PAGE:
Thursday’s warm temperatures and sunshine provided the perfect backdrop for the ’s first spring planting project of the year.
In an ongoing effort to restore the storm ravaged Tiana Beach in Hampton Bays, volunteers from Southampton Town Parks and Recreation, the Group for the East End and Southampton High School students planted 8,000 seedlings of American beach grass, in hopes of anchoring Tiana’s dunes and preventing further erosion.
Back in March, Southampton's Parks and Recreation department deposited 6,600 cubic yards of new sand on Tiana Beach, replacing the dozens of feet of dune that were washed away over the winter.
“This area was heavily effected by a late December storm,” explained Anita Wright, an environmental educator at Group for the East End. “The town has since replaced the sand, so now the new beach grass will act as a net, with the roots anchoring the dune. Its taken a lot of hands to restore this dune and get these plants in the ground.”
Wright said that the roots will grow very quickly and Tiana Beach's summer visitors will see a big difference.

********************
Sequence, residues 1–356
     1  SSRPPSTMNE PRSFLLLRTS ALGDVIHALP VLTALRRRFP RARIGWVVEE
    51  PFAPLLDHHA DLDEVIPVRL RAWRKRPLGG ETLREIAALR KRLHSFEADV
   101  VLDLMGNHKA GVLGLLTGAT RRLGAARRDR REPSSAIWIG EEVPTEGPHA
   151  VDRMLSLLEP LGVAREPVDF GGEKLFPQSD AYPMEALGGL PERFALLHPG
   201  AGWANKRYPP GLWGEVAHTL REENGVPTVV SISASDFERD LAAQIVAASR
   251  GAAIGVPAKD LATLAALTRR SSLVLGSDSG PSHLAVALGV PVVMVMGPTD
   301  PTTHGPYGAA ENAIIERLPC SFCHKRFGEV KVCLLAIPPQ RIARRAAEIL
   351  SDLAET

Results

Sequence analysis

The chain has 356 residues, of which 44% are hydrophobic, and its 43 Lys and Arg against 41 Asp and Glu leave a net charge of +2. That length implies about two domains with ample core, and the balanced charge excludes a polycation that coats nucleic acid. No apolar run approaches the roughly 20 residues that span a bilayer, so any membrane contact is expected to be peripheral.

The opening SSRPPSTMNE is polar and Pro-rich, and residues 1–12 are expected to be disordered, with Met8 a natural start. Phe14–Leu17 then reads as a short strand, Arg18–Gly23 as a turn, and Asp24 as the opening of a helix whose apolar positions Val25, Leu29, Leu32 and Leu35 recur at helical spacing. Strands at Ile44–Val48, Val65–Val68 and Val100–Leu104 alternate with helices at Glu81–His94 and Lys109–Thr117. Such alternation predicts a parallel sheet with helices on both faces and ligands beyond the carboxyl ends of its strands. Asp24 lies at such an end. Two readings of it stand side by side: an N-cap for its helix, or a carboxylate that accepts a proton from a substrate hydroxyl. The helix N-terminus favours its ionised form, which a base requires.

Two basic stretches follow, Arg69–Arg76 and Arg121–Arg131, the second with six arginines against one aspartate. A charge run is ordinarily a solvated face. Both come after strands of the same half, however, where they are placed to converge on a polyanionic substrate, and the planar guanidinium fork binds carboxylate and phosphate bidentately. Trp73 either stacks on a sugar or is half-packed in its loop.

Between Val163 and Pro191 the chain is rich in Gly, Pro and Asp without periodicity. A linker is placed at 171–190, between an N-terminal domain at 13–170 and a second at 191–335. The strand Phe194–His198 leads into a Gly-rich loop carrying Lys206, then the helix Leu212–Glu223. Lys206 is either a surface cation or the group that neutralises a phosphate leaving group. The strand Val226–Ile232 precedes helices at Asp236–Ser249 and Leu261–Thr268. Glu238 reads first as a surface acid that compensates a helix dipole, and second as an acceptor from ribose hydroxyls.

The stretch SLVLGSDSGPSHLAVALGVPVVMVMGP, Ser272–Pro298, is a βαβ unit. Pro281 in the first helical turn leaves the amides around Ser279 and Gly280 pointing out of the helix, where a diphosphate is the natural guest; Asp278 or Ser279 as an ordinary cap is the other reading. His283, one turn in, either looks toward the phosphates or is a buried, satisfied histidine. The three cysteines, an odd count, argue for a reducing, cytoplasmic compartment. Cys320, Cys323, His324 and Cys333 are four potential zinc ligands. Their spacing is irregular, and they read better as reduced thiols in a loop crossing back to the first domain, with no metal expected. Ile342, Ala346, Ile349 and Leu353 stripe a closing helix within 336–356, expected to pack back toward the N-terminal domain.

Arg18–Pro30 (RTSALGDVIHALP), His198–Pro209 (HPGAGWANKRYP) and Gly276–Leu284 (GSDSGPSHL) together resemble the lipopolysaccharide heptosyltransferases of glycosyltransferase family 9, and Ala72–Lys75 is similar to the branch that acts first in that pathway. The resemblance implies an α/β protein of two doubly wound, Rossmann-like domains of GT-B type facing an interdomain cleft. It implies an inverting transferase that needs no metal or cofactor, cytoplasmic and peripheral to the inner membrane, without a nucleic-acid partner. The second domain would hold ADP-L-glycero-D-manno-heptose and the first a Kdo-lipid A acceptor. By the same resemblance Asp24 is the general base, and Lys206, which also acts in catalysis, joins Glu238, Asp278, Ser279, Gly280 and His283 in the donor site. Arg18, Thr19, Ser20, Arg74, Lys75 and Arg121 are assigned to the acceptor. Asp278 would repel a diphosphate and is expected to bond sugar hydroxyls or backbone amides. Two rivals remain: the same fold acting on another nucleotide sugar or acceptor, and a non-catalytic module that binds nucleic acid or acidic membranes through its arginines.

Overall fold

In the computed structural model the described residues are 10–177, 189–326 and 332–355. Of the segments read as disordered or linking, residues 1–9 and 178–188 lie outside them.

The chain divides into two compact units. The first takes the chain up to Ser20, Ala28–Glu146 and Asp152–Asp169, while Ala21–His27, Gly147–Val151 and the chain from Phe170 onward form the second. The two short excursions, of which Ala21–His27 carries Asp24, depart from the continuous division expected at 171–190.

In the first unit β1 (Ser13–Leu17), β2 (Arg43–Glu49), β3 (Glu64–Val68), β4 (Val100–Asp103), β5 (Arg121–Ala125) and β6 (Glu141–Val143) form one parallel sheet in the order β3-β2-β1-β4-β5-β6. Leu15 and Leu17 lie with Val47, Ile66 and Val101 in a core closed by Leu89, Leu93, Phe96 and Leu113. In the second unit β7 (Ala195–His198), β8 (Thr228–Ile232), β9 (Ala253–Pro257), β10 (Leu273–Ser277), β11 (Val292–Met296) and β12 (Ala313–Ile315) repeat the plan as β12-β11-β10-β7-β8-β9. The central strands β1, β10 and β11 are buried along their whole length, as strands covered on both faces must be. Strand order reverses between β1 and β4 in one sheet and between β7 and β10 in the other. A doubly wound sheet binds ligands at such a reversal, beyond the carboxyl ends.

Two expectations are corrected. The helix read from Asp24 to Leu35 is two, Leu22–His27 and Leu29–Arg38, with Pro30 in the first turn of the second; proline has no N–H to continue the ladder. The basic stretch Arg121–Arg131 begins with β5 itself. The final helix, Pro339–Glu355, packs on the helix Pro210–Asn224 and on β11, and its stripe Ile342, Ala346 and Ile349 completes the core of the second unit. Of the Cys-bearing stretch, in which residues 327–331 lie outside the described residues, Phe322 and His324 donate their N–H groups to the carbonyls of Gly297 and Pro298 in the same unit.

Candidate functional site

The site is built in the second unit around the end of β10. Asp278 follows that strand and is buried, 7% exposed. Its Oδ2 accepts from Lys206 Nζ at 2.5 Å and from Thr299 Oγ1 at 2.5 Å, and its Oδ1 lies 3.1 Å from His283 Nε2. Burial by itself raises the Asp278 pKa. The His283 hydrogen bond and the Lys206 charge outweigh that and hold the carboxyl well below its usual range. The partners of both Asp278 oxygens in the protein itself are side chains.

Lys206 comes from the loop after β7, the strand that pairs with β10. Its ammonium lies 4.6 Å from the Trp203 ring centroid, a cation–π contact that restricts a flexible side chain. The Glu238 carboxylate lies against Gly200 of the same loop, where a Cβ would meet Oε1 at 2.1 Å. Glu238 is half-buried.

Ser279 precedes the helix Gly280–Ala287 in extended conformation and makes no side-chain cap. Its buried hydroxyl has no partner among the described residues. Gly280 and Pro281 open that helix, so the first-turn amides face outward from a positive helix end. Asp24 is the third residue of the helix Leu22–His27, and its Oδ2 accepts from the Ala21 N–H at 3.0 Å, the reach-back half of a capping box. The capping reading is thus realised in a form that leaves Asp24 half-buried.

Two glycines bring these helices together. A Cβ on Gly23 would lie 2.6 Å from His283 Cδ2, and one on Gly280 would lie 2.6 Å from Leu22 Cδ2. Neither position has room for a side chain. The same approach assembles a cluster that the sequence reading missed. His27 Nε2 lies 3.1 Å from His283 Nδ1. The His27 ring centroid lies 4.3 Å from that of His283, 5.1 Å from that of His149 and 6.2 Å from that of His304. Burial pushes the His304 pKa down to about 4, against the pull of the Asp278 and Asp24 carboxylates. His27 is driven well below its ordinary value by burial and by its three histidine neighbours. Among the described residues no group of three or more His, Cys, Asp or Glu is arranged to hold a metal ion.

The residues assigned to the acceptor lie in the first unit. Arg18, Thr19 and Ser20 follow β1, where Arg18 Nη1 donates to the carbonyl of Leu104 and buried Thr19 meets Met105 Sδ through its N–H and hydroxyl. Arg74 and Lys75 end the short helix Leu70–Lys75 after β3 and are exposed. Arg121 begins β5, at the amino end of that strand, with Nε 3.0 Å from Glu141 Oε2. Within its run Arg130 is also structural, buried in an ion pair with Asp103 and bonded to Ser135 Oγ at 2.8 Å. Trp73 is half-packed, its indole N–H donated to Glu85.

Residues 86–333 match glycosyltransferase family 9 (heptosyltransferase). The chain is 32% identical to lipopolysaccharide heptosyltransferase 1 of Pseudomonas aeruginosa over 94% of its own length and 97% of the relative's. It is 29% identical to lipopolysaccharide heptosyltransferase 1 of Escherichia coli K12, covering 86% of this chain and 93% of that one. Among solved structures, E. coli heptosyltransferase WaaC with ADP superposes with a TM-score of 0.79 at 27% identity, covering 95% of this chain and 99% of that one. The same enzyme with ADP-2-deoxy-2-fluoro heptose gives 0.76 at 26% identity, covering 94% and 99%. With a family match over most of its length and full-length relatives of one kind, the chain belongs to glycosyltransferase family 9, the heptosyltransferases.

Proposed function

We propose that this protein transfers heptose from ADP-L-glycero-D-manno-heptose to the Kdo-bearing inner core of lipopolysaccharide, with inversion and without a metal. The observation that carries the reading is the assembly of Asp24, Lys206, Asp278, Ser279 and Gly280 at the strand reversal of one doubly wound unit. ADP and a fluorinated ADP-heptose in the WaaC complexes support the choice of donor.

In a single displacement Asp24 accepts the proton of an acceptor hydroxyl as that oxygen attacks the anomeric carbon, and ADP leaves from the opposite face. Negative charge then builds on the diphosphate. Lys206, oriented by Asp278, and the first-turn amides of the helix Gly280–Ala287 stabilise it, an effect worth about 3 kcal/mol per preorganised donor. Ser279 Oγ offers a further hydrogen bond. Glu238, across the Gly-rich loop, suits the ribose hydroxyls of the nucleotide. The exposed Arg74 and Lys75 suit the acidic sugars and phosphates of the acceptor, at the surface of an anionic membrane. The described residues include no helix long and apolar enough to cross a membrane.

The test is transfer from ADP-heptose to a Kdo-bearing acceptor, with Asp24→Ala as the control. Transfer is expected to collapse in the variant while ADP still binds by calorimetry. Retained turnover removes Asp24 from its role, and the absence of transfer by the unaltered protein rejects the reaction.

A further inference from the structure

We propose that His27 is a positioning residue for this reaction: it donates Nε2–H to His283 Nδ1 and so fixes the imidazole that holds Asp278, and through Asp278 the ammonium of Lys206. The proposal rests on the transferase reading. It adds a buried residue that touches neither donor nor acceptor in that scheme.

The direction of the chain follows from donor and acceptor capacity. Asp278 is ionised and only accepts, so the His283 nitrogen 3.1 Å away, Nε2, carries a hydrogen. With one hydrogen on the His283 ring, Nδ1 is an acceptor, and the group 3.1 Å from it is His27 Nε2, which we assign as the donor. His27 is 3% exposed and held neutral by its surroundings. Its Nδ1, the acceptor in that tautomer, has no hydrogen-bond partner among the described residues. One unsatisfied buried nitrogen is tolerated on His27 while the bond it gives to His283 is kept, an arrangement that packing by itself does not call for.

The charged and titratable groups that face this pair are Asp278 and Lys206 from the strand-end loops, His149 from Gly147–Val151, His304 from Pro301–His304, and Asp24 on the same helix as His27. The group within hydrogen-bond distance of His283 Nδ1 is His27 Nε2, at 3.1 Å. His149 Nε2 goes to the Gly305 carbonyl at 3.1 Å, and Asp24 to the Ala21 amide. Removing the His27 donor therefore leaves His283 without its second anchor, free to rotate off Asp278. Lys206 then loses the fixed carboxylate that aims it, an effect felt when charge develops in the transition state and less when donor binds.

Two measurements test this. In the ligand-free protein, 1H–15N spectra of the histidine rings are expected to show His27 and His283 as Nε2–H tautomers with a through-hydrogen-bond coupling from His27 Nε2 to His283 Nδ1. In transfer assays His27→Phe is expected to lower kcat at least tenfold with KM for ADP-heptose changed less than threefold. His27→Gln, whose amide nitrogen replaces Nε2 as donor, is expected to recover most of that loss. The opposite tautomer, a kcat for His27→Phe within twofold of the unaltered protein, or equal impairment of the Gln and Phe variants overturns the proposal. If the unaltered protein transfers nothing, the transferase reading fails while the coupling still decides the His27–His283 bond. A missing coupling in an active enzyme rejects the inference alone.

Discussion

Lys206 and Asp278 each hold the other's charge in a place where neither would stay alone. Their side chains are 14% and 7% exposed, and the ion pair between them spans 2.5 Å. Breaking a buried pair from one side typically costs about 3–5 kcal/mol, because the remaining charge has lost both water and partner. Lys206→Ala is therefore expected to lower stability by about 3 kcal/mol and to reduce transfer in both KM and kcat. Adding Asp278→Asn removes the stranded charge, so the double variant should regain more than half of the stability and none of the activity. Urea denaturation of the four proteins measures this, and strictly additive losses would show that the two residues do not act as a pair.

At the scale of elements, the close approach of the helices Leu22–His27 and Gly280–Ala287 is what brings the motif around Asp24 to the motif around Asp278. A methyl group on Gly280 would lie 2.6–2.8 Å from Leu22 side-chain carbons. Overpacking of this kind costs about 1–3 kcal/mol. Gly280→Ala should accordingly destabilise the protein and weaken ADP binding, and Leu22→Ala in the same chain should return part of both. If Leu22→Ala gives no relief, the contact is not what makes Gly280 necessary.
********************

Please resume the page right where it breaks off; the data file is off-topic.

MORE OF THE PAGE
In late winter, Wright reached out to Southampton Town Parks and Recreation Superintendent Chris Bean to inquire about the beaches and parks most in need of planting and restoration this spring and she learned Tiana Beach was the top priority.
Doing their part to save one of Hampton Bays’ natural treasures, 50 students pitched-in for several hours of digging and planting in the dune. Organized by Greg Metzger, a teacher of oceanography and aquaculture at Southampton High School, the young environmentalists were enthusiastic about participating in the project.
“I am excited to come back here in August to see the progress and the impact we have made,” said Gabriella Cavanagh, a Southampton student and oceanography club member.
“Two years ago, I used to come here every day for lunch, but I remembered there being grass,” said Jordan Canino, a Southampton student volunteer. “When I saw how much the beach had been destroyed, I wanted to do my part.”
According to Wright, through fundraising and donations, the Group for the East End purchased the plants and soil needed for the spring planting projects, however for Tiana Beach project, the town of Southampton helped to buy some of the beach grass.
The Group for the East End is a nonprofit conservation group that works to protect and restore the environment through education and citizen action projects. This spring they will be sponsoring several other planting events and need volunteers.
To participate in upcoming planting events in East Hampton, Southport, Aquebogue and Southampton, contact Anita Wright at 631-537-1400 or visit www.eastendenvironment.org.